The Blue Jays have been enamoured with positional versatility in the Shapiro/Atkins era, and having a group of starting-quality players that runs deeper than nine is the endgame. Getting there could be as simple as adding a quality infielder and getting a bounce-back season from Cavan Biggio, but neither is guaranteed. Reaching this milestone might take an in-season trade or a breakout season from a part-time player — like the Blue Jays got from Santiago Espinal in 2021.
Establish some homegrown pitchers at the MLB level
One of the Blue Jays’ primary team-building weaknesses in recent years has been their inability to develop homegrown pitching solutions. As it stands, only one pitcher drafted or signed internationally during the current front office’s tenure (Alek Manoah) has locked in a job on this staff, and some of last season’s bullpen struggles were rooted in an inability to draw productive arms from the minor leagues.
Manoah’s rookie success was indisputable, but other pitchers drafted since 2016 have yet to make a significant impact. The jury is still out on many of the pitchers this front office has drafted in the last few years, but T.J. Zuech was a bust, Nate Pearson’s future hangs in the balance, and homegrown pitchers other than Manoah have made just 43 MLB appearances and produced only 0.4 bWAR. Even some of the team’s higher-profile pitching prospects like Adam Kloffenstein and CJ Van Eyk have struggled more than expected in their minor-league careers.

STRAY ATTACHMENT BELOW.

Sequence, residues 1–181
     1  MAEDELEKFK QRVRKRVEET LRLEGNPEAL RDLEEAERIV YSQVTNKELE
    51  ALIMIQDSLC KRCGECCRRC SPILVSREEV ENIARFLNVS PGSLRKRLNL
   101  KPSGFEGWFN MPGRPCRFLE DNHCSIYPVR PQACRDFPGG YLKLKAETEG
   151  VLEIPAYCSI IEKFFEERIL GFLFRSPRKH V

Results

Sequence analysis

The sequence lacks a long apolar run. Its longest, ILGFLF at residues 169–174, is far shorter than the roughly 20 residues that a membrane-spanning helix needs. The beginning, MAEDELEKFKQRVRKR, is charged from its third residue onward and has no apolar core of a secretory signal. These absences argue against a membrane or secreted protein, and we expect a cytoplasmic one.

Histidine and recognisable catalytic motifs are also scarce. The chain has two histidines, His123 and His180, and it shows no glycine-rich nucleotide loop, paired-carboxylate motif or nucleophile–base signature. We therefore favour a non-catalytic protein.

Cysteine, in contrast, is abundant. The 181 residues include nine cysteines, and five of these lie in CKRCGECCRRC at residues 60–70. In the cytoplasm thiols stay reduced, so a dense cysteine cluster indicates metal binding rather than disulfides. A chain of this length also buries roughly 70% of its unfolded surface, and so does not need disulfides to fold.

It’s too early to fairly assert that the Blue Jays are incapable of developing their own pitching, but the team has had far more obvious successes on the position player side with players like Bo Bichette, Cavan Biggio, and Alejandro Kirk making an impact and Gabriel Moreno on the way.
This could be the year the Blue Jays find the same success with pitchers within their organization, as they’ve managed with pitchers they’ve brought in like Robbie Ray and Steven Matz. Barring injury, Manoah will pitch his first full season in the big leagues while Pearson could establish himself as an MLB starter for the first time. Further down the depth chart, starters like Zach Logue could position himself for a call up with strong work at Triple-A, and Arizona Fall League breakout Graham Spraker could earn himself a look in the bullpen. Some of the relievers that couldn’t quite stick in 2021 like Kirby Snead and Taylor Saucedo may also find beachheads at the MLB level.
If Manoah sustains his success and Pearson finds some of his own, then the Blue Jays’ ability to develop pitching will be lauded rather than questioned. If anyone else makes an impact, it’ll be a welcome bonus for Toronto.
Extend a homegrown player
None of the milestones above are sure to come to pass, and this one seems the furthest from guaranteed. Even so, it’s worth mentioning because re-signing a player you drafted or signed as an international free agent is the ultimate sign of a window of contention reaching maturity.
If the Blue Jays extend a player like Bichette or Vladimir Guerrero Jr., it will demonstrate that their core is transitioning from cheap building blocks that enable further acquisitions to part of the franchise’s bedrock. An extension with a high-profile homegrown player would probably mean they’ll be a Blue Jay for a decade, at least, and signify the club had changed mode from “building up” to “win forever” — as Seattle Seahawks coach Pete Carroll would put it. Or, in the parlance of this front office: sustainable contention.
Extending Berríos sent a strong message about how this club sees its future. Locking up one of their young guns would send a stronger one.